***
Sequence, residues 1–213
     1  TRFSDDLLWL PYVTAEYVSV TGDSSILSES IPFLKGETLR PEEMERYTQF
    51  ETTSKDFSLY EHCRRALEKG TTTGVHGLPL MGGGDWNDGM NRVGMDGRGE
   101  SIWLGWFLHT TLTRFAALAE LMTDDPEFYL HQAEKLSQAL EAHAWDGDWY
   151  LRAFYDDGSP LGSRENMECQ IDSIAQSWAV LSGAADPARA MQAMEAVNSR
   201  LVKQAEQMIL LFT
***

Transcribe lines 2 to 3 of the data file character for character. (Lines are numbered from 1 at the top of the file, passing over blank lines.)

     1  TRFSDDLLWL PYVTAEYVSV TGDSSILSES IPFLKGETLR PEEMERYTQF
    51  ETTSKDFSLY EHCRRALEKG TTTGVHGLPL MGGGDWNDGM NRVGMDGRGE